September 1, 2001

Remembrance: Eric Barnouw

It was less than a year ago, in October 2000, when I last met with Erik Barnouw, and I treasure the image of his gracious intellect that I saw on that brilliant autumn day. On the common in Fair Haven, Vermont, in the home he shared with his wife Betty, Eric was relaxed, happy, aware, attentive and most importantly, full of information and enthusiasm for the project I brought to him.

Betty, the vital pivot in the balance between Eric and the world in his later years was (and is) a supremely gifted woman. She somehow made everything work. We lunched heartily on a salad of her organic lettuces from the garden and home-made seafood chowder. Their modest, comfortable home is an amalgam of their two lives. Betty lived in it with her first husband, the main banker in Fair Haven, whose gun collection still graces the walls; Erik was quick to point out that the guns were not his own. The decor that he contributed includes some of the many fine drawings he created over the years. The Barnouw Christmas card was each year an eagerly awaited new drawing by Erik, and one of his best contributions to IDA was designing the beautiful Pare Lorentz Award.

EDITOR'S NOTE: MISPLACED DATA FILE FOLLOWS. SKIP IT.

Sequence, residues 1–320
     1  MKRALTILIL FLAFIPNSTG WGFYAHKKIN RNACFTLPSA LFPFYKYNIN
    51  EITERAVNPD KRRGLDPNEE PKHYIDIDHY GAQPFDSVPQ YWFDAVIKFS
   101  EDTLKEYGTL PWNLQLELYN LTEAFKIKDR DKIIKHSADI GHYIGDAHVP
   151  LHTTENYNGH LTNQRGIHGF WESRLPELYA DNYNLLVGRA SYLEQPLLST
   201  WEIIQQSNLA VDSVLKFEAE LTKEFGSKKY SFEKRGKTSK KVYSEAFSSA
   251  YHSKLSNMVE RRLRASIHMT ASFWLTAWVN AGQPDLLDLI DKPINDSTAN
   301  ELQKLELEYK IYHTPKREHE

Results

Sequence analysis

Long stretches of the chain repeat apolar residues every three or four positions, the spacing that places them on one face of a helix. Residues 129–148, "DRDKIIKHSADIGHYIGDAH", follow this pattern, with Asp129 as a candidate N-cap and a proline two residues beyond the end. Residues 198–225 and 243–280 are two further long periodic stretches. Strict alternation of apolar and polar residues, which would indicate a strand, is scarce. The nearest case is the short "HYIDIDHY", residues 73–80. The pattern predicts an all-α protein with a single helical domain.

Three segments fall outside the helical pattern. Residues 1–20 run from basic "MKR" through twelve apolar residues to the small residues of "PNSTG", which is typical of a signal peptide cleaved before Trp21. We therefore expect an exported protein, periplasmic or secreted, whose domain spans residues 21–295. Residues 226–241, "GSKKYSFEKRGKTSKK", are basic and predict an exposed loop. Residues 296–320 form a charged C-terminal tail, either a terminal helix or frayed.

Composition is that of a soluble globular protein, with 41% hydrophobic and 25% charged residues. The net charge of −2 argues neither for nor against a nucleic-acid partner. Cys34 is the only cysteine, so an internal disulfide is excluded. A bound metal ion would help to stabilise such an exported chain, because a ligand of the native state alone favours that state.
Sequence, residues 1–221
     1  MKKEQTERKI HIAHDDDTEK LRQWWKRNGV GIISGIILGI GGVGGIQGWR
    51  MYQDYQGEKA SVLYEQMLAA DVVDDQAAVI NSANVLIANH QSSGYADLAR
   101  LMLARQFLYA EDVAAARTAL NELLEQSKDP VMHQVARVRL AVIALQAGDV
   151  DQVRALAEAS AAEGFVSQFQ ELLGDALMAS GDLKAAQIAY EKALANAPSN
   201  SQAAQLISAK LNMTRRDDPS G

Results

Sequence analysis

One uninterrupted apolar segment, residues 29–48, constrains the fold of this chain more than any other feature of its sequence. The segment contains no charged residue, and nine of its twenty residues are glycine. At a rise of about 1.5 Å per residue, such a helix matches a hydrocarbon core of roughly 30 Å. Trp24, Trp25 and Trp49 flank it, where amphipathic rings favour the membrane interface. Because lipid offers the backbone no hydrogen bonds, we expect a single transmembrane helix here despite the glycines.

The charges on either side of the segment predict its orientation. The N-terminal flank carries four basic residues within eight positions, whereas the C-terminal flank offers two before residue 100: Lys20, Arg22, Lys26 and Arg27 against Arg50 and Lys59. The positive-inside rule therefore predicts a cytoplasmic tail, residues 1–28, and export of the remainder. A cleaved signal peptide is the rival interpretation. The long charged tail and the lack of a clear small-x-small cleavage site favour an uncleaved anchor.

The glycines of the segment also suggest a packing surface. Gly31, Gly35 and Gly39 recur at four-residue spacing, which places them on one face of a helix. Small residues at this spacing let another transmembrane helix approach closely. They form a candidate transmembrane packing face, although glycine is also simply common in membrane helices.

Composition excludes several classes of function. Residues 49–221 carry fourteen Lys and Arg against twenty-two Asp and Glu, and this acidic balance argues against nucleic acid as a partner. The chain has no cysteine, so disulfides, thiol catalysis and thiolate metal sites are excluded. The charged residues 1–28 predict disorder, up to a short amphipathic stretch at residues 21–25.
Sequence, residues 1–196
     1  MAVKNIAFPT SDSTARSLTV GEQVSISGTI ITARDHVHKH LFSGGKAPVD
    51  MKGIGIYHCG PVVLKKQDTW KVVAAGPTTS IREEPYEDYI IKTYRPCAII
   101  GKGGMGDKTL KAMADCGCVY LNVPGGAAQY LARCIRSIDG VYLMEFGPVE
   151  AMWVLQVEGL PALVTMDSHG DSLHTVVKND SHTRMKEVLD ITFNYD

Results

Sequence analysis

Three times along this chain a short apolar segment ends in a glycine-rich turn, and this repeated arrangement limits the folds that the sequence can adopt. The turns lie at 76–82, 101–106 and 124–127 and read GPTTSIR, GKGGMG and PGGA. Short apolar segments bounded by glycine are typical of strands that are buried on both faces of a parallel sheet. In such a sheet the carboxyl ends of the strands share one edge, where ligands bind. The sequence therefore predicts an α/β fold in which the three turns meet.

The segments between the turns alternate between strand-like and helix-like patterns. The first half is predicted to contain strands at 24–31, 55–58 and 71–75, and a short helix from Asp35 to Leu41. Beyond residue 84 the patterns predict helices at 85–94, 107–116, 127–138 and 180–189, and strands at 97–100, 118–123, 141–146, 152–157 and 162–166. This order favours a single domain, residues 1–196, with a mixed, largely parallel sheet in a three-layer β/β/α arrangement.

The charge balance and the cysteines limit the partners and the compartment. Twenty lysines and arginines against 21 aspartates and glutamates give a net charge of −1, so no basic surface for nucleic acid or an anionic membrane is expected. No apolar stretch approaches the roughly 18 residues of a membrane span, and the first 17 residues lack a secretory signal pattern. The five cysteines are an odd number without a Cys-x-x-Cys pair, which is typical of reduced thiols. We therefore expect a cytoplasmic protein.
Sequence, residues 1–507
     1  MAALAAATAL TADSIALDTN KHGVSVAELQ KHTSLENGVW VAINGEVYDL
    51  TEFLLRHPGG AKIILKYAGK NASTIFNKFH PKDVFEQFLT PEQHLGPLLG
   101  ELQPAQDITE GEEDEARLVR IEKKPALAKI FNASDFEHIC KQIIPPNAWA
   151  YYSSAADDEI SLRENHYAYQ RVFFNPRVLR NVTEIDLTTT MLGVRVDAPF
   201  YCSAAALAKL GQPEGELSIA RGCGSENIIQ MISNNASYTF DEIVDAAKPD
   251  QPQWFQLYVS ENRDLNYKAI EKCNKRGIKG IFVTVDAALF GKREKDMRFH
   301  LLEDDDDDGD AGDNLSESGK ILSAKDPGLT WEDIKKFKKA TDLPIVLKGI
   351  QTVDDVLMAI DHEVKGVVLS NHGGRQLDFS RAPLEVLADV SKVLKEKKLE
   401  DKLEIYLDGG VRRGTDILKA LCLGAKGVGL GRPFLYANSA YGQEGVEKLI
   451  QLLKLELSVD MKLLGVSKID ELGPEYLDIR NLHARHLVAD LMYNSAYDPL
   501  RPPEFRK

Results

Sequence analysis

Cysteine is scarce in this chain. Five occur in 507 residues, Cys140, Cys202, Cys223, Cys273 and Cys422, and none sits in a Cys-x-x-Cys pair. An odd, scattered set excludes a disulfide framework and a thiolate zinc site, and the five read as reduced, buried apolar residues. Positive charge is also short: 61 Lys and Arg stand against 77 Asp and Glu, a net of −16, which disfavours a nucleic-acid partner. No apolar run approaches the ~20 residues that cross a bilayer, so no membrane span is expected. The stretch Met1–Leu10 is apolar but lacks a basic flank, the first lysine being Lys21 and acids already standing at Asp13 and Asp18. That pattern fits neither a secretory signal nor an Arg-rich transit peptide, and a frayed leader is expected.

I knew Erik, of course, from his scholarly work. My copy of Documentary: A History of the Non-Fiction Film is a well-worn and marked 1980 edition, always on a nearby shelf since film school. He and Betty and I also worked together on International Documentary Congress gatherings and as members of the Advisory Board of the Hot Springs Documentary Film Festival. Into his 90s, Eric was avidly involved in our documentary culture, spending time in the Academy of Motion Pictures Arts and Sciences/IDA film archive and taking his Hiroshima film to new audiences in Arkansas.

He was also open to my proposal -- bold as it may have seemed -- to write a second, companion volume to Documentary, covering documentary history from 1970 to the present. His book has never been out of print -- a tribute to its immense value and Oxford’s foresight in commissioning it. Erik was more receptive and enthusiastic than I could have hoped: He wrote the most wonderful letter to Oxford commending the new book and me to them. I have only begun to follow up on what is a very challenging task. I intend to write this book, not least because Erik believed it was much needed, and I hope the work will ultimately be worthy of his support.

 

Betsy A. McLane, PhD
IDA Director Emeritus

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